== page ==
How Self-Dealing Works
“Self-dealing may involve many types of individuals who work under the guidelines of fiduciary responsibility. They may include trustees, attorneys, corporate officers, board members, and financial advisors, among others. Self-dealing may consist of a variety of actions seeking to inappropriately enrich oneself, such as using company funds as a personal loan, ignoring a duty of loyalty to an employer to assume a deal or opportunity for oneself, or using insider or non-public information in a stock market transaction. Self-dealing may take many forms. It does not need to always directly enrich the individual committing the act, but can be on behalf of another party.“
Self-Dealing and Fraud
“On a corporate scale, self-dealing often involves partners, corporate officers, board members, and the like. They may take advantage of their position in ways that profit them at the expense of their clients, shareholders, employees, etc.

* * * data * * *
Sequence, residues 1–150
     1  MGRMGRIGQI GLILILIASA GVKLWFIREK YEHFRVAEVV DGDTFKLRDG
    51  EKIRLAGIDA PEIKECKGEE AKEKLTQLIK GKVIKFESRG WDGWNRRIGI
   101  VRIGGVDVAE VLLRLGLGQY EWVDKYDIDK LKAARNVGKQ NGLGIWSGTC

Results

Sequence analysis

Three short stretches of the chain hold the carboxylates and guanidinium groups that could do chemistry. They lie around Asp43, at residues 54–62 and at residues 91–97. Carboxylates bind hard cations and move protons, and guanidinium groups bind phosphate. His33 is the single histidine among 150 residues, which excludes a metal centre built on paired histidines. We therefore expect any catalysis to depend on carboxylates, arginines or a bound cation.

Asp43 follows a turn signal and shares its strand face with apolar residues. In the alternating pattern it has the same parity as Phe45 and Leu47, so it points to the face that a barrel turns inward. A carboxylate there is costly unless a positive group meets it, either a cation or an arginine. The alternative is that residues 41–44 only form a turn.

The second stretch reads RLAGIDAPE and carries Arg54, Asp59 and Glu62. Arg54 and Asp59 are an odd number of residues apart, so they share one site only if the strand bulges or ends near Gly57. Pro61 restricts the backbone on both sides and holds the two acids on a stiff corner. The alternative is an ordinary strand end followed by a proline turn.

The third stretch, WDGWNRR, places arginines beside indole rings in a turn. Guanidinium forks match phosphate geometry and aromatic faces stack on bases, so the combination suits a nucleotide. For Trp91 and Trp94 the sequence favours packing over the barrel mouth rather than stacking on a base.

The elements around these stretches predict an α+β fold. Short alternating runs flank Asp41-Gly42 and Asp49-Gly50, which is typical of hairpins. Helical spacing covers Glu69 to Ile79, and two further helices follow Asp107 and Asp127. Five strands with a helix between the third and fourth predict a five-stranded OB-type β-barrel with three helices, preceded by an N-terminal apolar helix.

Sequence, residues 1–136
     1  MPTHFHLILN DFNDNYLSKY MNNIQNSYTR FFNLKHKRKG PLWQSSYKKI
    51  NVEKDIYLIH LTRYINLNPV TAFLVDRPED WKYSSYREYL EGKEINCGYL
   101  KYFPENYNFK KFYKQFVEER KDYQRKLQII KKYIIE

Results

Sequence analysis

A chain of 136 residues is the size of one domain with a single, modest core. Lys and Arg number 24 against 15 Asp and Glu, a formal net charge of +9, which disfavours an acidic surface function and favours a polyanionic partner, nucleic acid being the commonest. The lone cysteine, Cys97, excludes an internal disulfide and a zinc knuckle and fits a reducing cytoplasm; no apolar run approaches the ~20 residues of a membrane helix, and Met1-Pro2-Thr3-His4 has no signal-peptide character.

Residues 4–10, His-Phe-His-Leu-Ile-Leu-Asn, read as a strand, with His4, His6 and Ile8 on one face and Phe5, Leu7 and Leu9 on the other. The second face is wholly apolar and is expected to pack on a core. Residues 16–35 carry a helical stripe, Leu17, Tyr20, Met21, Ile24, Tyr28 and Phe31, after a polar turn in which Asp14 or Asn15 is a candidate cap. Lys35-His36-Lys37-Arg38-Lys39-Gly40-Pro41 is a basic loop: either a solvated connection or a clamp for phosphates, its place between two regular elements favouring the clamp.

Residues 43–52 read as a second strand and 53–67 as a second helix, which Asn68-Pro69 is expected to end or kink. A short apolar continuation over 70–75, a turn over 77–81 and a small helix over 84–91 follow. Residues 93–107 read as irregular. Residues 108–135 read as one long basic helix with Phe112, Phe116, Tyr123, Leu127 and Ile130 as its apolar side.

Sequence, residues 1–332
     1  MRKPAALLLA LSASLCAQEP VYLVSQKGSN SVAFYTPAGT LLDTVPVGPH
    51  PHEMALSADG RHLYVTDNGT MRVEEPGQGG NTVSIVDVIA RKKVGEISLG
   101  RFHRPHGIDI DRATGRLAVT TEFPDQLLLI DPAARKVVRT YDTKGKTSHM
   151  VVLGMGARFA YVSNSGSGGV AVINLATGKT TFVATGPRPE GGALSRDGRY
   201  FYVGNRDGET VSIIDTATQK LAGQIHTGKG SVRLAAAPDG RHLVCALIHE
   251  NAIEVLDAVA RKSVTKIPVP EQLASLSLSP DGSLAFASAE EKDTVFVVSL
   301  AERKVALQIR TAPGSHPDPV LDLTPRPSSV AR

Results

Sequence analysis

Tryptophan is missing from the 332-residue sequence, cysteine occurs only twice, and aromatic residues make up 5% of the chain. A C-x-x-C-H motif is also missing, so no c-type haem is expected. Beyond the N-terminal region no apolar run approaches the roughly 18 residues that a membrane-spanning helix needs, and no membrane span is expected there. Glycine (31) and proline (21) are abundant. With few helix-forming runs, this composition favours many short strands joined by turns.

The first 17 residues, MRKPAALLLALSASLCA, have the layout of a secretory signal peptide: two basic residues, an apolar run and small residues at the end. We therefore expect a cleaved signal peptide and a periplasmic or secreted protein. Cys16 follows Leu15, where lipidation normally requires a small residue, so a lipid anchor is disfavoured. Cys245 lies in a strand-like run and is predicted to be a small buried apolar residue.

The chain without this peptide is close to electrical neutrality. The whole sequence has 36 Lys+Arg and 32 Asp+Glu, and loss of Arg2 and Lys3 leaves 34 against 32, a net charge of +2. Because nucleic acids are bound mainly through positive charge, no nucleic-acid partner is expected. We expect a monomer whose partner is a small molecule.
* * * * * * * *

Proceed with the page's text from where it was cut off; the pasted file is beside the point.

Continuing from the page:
Self-dealing isn’t in and of itself a crime, but it does constitute a breach of fiduciary duty and a conflict of interest (often with insider information), and as such will likely merit punitive measures in a civil court. However, it is often accompanied by fraud with company funds, which is a crime and punishable as such.”
Examples of Criminal Penalties
“For instance, Title 18 of U.S. Code Section 1348 imposes a penalty of up to $250,000 in fines as well as up to 25 years in prison for securities fraud.”